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The Best Places of Slovenia for Tourists

Tucked between Italy, Austria, and Croatia, Slovenia is so small you might skip over it—but that would be a mistake. Though it's roughly the size of Massachusetts, it packs a major visual punch: alpine villages, cliffside castles, emerald lakes, fields of white horses, and some of the most beautiful forests in the entire world. In other words, it's a fairy tale setting come to life. Here are some of the best and most beautiful places the country has to offer—start packing your bags.

Lake Bled

There's a reason Lake Bled is one of Slovenia's most popular sites. With its emerald waters, church-dotted islet, views of the Julien Alps, and Disney-like castle on a hill, you won't be short of picture-perfect views.

Pokljuka Plateau

Located within Triglav National Park at an elevation of around 3,600-4,600 feet, Pokljuka is a plateau of forests and idyllic mountain pastures, like Uskovnica, Lipanca, and Zajamniki (pictured). It is known for its winter sports facilities, and is a popular starting point for people hiking the Julian Alps.


Slovenia's capital city is as romantic and charming as they come—and clean, having been named the “Green Capital of Europe 2016” by the European Commission. Stroll through the pedestrian-only Old Town, sip coffee by the leafy banks of the Ljubljanica River, or take in the baroque architecture and hilltop sixteenth-century Ljubljana Castle.

Škocjan Caves

This UNESCO World Heritage site is found in the Karst region, a limestone plateau stretching from southwest Slovenia to Italy. The system of caves consists of 3.8 miles of underground passages, waterfalls, and rapids, and the enormous Martel Chamber—one of the largest underground chambers in the world. Guided tours of the caves and underground river are available.


A village located close to the border of Italy, Lipica is known for one thing in particular: its horses. The town is home to the world-renowned Lipica Stud Farm, an establishment that first bred Lipizzan horses back in the 16th century. Visits to the farm include trail riding, carriage rides, museum tours, and stud performances.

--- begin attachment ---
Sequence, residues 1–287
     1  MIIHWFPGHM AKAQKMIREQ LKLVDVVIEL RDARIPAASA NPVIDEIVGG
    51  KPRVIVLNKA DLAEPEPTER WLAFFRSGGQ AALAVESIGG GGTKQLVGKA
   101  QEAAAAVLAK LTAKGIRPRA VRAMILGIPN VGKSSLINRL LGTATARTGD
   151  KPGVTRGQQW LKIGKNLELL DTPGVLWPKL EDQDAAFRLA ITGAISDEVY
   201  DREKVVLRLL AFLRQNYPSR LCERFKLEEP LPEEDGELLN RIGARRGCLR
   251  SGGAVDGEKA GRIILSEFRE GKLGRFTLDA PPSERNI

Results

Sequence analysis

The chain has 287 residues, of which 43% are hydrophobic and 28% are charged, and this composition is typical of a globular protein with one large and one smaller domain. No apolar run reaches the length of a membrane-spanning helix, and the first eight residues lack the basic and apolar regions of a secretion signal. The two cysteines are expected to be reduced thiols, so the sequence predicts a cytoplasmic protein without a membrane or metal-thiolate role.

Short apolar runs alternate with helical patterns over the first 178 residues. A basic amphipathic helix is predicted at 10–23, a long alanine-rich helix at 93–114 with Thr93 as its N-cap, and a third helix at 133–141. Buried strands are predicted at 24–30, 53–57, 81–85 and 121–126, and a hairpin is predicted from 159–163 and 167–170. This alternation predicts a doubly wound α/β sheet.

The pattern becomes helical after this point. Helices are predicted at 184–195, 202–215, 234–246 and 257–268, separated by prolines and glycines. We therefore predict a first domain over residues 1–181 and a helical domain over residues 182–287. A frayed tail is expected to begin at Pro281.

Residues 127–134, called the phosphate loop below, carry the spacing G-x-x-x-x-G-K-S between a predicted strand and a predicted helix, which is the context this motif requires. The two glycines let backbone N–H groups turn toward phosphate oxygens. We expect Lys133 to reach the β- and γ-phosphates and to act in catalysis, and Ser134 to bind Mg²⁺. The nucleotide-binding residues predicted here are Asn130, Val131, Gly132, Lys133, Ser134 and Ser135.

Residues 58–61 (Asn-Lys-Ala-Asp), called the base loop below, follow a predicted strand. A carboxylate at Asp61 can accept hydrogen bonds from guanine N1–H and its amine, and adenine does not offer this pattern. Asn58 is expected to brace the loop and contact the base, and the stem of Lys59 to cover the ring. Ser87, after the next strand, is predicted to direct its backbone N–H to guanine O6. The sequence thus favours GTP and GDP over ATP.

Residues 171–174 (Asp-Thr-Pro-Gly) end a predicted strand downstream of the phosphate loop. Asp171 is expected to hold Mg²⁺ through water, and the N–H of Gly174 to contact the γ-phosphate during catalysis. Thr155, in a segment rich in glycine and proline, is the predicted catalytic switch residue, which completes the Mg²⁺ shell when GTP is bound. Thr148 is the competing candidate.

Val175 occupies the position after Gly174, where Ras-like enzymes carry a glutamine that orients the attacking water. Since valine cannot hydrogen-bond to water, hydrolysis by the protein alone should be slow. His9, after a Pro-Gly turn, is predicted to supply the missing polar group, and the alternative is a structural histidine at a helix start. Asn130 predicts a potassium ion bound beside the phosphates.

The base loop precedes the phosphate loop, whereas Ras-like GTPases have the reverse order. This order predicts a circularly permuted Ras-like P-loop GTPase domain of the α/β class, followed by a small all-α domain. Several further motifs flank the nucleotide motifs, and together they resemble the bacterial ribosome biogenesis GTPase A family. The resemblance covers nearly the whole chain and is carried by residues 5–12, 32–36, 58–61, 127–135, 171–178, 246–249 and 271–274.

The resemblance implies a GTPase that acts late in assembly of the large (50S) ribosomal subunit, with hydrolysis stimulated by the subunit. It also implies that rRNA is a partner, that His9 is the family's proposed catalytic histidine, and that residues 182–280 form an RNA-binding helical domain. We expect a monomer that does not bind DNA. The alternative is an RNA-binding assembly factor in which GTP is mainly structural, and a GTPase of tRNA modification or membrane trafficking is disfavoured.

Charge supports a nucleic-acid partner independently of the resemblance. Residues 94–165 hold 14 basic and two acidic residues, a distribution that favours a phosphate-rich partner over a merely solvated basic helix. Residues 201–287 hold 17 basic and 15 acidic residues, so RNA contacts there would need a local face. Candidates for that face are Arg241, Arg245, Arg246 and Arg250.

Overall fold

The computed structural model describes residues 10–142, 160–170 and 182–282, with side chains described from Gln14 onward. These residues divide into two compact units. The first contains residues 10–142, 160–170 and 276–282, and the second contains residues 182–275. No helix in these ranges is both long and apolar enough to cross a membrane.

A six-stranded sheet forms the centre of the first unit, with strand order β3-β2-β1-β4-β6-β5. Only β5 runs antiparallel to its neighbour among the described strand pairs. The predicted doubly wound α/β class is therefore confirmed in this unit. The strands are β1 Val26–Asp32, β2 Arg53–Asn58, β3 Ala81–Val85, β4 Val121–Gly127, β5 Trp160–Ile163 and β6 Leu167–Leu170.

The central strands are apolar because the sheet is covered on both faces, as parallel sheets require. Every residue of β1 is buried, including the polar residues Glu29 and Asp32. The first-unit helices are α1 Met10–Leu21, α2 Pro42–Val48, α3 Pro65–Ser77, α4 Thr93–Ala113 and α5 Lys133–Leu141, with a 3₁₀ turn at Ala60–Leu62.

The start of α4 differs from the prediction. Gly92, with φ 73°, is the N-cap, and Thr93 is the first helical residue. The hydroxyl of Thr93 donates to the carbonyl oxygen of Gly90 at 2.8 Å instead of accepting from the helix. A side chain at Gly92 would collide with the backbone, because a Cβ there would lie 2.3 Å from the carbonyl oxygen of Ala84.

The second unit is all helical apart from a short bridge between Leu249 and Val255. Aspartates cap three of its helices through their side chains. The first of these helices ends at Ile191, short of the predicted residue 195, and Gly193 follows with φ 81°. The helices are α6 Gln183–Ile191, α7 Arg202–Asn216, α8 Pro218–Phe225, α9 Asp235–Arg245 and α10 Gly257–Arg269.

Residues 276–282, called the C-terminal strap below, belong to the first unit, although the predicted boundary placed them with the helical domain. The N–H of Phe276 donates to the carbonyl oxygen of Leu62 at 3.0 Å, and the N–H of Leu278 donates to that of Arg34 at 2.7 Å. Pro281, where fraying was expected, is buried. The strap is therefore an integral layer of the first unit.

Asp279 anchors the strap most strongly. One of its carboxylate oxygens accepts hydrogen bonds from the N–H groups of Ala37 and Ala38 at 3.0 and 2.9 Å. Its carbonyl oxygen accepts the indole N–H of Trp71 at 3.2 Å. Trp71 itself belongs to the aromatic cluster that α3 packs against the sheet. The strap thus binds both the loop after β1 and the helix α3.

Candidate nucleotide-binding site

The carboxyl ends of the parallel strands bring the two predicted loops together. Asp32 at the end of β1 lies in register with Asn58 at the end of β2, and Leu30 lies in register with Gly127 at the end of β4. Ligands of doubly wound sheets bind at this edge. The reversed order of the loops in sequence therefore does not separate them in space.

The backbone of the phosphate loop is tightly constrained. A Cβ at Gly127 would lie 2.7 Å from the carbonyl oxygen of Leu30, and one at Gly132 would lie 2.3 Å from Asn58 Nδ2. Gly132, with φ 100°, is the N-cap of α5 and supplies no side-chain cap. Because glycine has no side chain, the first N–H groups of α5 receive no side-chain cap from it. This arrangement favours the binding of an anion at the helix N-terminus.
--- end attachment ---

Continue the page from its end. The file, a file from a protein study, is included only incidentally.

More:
Predjama Castle

The Gothic-style Predjama Castle is easily one of the world's most dramatic castles, built directly into the side of a 404-foot cliff that hides a network of cave passages. Tours of the castle are available year-round, although hibernating bats in the caves restrict underground tours to the months of May-September.


Situated on a picturesque peninsula on the Adriatic coastline, Piran is one of Slovenia's most beautiful cities. Its pedestrian-only Old Town is reminiscent of Venice in miniature, with Gothic architecture, alfresco wine bars, narrow alleyways, and glowing sunsets.

Vintgar Gorge

Sitting just over two miles north of Lake Bled, Vintgar Gorge is a wild natural monument located in the heart of the Julian Alps (it's part of Triglav National Park). More than 5,000 feet of wooden walkways wind through the gorge, taking you over rapids, pools, and rivers before reaching the spectacular Šum Waterfall.

Soča River

Flowing for 86 miles through the Julian Alps in western Slovenia and Italy, Soča is one seriously beautiful river—startlingly clear and impossibly emerald. Adventurers flock to its waters for whitewater rafting, kayaking, and canyoning.


Slovenia's second-largest city is provincial and charming, with a medieval Old Town, pedestrian-only central streets, and a skyline defined by orange roofs and rolling hills. The town is also the site of a glorious landmark: "the oldest vine in the world." Stara Trta (literally "Old Vine") is more than 400 years old, and is a symbol of the rich wine culture in Maribor.

Kranjska Gora

Kranjska Gora is one of Slovenia's best resort towns (especially during the winter months), equipped with many hotels, restaurants, and ski slopes. The area is surrounded by stunning lakes and some of the highest peaks in the Julian Alps.

Škofja Loka

Škofja Loka is one of the oldest towns in Slovenia, and is located a bit off the beaten tourist path (about 18 miles west of Ljubljana and 16 miles south of Bled). It is well worth the drive, especially since the town is one of the most fairy tale-esque places in the country—think hilly countrysides, buildings with Baroque frescoes and stone towers, and a castle that becomes illuminated at night.